The 'taming of language' by the imposition of form runs parallel with a central theme of the play: the taming of the primal impulses in man through a kind of dramatized religious dialogue. Euripides' portrayal of a particular divine presence – the rejection of which leads to the most uncompromising divine punishment – has evoked a variety of responses. Since the play exhibits the power of Dionysus and the dreadful fate of those who resist him, the first explanation which occurred to scholars was that the poet had experienced, or thought it expedient to feign, a deathbed conversion: the Bacchae was a 'palinode', a recantation of the 'atheism' for which Aristophanes had accused its author of embracing. In other words, the play was written, if not to defend Euripides against the charge of impiety, then possibly from a genuine conviction that 'religion should not be exposed to the subtleties of reasoning' since 'he had found no satisfaction in his unbelief' (Dodds). Other nineteenth century scholars, namely Wilamowitz, Bruhm, Decharme and Weil, interpreted the play according to a different set of prejudices. Pointing out that Cadmus and Teiresias are poor representatives of orthodoxy, and that Dionysus behaves with pitiless cruelty not only to his opponents Pentheus and Agaue but also to his supporter Cadmus, they concluded that the real moral of the play was 'tantum religio potuit suadere malorum' – 'to so many evils religion has persuaded men' – a phrase taken from Lucretius' De Rerum Natura (dated around 60 BC). Conflating both arguments – the first which insists on the necessity of religion; the second asserting the destructiveness of religion – into a simultaneous discourse on origin and morality, is Friedrich Nietzsche. He wrote in The Birth of Tragedy: 'In the evening of his life Euripides confronted his contemporaries very forcefully with a question [...] Can the Dionysiac be permitted to exist at all? Should it not be eradicated forcibly from Hellenic soil?' It sounds a reasonable enough suggestion – the Bacchae might be seen as unfolding from these two questions – but his certainty about the playwright's answers to these questions is somewhat hasty:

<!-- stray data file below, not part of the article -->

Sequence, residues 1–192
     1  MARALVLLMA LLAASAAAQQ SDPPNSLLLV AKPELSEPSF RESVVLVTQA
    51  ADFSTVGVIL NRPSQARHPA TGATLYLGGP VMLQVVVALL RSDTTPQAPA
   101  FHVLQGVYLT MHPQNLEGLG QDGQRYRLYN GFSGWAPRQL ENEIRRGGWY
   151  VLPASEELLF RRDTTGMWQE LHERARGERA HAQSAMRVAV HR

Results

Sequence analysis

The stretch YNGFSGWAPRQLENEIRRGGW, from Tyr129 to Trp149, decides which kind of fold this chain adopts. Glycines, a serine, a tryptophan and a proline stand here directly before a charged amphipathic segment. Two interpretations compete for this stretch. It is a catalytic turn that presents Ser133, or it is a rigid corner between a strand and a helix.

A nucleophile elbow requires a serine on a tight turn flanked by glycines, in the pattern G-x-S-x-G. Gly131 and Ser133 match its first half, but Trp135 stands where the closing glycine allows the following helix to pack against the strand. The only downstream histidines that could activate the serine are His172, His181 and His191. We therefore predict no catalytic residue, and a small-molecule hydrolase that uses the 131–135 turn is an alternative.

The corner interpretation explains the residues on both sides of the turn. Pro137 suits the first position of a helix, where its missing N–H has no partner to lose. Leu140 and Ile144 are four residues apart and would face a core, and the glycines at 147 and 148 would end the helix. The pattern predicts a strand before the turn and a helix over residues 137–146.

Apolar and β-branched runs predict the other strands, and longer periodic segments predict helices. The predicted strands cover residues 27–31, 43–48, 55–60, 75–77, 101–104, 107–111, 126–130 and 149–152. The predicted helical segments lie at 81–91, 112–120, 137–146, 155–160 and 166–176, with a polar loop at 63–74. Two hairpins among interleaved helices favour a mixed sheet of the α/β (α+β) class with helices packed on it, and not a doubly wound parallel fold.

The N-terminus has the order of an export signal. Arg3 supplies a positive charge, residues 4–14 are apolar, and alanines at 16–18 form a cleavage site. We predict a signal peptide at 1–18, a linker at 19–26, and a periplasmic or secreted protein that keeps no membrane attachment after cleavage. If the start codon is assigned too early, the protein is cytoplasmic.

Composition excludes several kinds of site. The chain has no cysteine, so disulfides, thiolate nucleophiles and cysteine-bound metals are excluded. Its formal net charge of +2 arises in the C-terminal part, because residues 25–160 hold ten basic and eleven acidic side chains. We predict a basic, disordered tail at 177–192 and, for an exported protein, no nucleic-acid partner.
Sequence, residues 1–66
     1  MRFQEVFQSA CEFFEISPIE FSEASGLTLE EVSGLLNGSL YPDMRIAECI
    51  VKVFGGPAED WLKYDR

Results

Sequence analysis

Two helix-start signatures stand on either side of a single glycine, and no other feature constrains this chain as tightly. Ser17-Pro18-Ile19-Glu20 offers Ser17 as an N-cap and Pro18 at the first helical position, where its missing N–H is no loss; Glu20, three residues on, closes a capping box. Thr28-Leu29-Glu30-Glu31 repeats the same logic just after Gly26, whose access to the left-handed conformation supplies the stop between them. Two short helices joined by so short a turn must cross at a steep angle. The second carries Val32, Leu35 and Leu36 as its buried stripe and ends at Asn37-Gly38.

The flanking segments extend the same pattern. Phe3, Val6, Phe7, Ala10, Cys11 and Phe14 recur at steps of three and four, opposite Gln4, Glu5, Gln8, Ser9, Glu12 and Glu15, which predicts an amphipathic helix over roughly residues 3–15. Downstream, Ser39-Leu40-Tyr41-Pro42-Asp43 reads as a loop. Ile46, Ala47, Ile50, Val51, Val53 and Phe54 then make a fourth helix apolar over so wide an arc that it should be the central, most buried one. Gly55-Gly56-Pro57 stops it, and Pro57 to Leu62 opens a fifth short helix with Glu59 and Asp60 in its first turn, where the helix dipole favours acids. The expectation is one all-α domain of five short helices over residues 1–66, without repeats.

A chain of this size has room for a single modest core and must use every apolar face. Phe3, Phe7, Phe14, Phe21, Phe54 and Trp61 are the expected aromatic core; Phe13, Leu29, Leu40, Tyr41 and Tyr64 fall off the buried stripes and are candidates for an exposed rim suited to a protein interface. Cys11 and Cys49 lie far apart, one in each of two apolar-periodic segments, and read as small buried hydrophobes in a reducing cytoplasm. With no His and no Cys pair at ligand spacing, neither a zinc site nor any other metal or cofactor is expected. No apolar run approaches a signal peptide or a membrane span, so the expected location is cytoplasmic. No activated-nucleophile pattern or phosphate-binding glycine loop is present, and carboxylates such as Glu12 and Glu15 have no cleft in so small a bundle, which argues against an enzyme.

For Nietzsche, the Bacchae is Euripides' recantation, but not necessarily of 'atheism'; it is an artistic expression of the god's fundamental presence in men's nature and life, but one which comes too late in an age where the new 'god' of Socratic reason and morality had already gained primacy: '...by the time the poet recanted, his tendency [towards morality] was already victorious. Dionysos had already been chased from the tragic stage, and, what is more, by a daemonic power speaking out of the mouth of Euripides... an altogether newborn daemon called Socrates.' Nietzsche may be right in detecting, across the wide spectrum of Euripides' extant plays, a palpable shift from ritual and worship to a kind of self-governance or self-reliance through exercise of human reason. Yet by presuming 'the judgment of the two old men, Cadmus and Tiresias' to be also 'the judgment of the aged poet', he may be over-stating Euripides' role as a philosopher, and under-rating his method as a playwright. Euripides does not explicitly exult 'for' or 'against' Dionysus, he merely constructs a sequence of events that suggests that if we ignore the demand of the human spirit for Dionysiac experience, we do so at our peril. He is perhaps, in the Bacchae, more engaged in considering the primal and irrational in man than Nietzsche is willing to concede. And he does this by dramatically separating, quite completely, the two sides of human nature and pitting them against each other. The rational and civilized side, on which a large community or city depends on for its stability, is embodied by Pentheus. But by resisting the instinctive side – embraced by the Stranger – Pentheus suppresses his humanity and suffers the destructive rebellion of its primal energies. That Dionysus appears in tangible human form is dramatic instrumentality; but it serves also to demonstrate his (literal) presence and direct influence in human life.